Notice the property placeholder "${foo}" in the port attribute. The next step is to create a test case for the config. The test case must extend org.mule.tck.junit4.FunctionalTestCase for this to work:

The port variable declaration is what we're interested in. @Rule instructs JUnit to execute code in the DynamicPort object before running the test. The code will:
  1. Find an unused port,
  2. Search the Mule config for a placeholder with the name 'foo', and then
  3. Replace the placeholder with the unused port number.
The newly assigned port no. is retrieved using the getNumber() method of the DynamicPort class. The complete example can be found on GitHub.

Saturday, 26 May 2012

Conventions, Conventions, Conventions

I've been working with open source projects for a couple of years now and I've come to expect two things from such projects:
  • A set of working examples that comes with the distribution, and a
  • Quick guide on getting started.
Mule has them. ServiceMix has them. So why not Spring Integration? It's a shame because I heard a lot of good things about the software. I couldn't find a reason why SpringSource didn't post an official guide on getting started quickly in their main page. However, they do have a reason for leaving examples out from the distribution. Although for me, it's not a good enough reason.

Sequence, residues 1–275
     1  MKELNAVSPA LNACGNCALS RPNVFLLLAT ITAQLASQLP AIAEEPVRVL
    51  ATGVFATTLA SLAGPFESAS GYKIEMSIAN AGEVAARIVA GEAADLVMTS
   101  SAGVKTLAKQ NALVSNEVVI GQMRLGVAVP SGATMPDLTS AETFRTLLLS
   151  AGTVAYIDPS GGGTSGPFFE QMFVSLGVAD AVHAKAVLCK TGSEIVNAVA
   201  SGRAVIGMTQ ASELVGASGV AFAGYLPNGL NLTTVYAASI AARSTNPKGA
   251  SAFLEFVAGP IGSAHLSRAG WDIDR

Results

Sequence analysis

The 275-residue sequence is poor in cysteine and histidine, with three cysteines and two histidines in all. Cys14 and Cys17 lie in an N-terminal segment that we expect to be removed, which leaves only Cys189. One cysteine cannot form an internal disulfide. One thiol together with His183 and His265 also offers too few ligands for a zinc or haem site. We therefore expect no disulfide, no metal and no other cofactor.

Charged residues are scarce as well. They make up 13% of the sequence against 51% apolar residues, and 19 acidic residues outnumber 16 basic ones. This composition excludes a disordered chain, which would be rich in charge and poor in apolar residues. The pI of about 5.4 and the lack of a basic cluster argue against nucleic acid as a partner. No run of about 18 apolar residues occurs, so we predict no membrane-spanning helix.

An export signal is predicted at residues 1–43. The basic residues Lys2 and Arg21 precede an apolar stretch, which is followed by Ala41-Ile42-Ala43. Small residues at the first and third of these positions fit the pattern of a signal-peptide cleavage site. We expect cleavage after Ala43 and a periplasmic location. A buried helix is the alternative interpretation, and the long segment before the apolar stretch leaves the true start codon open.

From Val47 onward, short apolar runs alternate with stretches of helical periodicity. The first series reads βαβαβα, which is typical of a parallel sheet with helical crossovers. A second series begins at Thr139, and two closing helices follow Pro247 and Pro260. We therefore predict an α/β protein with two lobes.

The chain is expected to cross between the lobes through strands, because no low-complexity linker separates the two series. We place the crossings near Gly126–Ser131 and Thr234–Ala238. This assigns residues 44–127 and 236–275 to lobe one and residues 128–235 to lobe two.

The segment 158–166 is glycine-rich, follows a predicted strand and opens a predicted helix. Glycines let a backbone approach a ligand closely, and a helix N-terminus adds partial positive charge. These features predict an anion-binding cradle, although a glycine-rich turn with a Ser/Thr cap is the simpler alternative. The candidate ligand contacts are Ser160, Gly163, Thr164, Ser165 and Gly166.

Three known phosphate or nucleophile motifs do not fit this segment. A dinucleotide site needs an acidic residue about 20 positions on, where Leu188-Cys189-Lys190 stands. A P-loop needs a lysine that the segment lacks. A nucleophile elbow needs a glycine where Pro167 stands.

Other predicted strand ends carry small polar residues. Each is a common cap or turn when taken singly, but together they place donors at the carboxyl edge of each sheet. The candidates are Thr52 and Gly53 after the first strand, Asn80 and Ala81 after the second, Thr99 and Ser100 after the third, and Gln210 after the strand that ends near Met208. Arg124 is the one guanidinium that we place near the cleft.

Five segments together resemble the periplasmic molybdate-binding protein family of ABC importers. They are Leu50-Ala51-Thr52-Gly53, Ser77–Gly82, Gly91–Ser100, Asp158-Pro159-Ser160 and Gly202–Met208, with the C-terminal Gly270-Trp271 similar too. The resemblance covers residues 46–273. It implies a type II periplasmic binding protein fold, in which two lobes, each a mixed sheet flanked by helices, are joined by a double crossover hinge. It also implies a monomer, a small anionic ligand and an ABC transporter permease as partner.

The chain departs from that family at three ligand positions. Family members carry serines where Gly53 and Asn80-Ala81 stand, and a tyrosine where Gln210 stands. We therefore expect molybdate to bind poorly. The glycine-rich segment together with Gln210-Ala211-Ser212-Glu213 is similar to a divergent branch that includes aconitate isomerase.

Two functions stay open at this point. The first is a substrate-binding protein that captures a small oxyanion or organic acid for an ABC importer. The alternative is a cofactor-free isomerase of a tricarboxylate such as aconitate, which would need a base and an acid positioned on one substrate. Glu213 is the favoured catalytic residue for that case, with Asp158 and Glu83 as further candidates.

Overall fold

As a frequent user of open source projects, I'm accustomed to certain conventions. For instance, I expect to find a "README.txt" in the distribution's root folder telling me how to launch the program. When you decide to stay away from conventions, new users have to rely on Google to find what they're looking for. This is great for Google but not for your open source project since the user might get fed up searching and just try another project. I spent about 5 minutes searching for a simple Spring Integration example. This could have been because I chose a poor search term or I'm a slow reader, but still, for me it was a waste time. Doing the same thing in Mule or ServiceMix took me a second. Why? Not because I used Mule or ServiceMix before but because I expected there would be example folders in their distributions. Which project do you think the impatient user will have a better experience learning?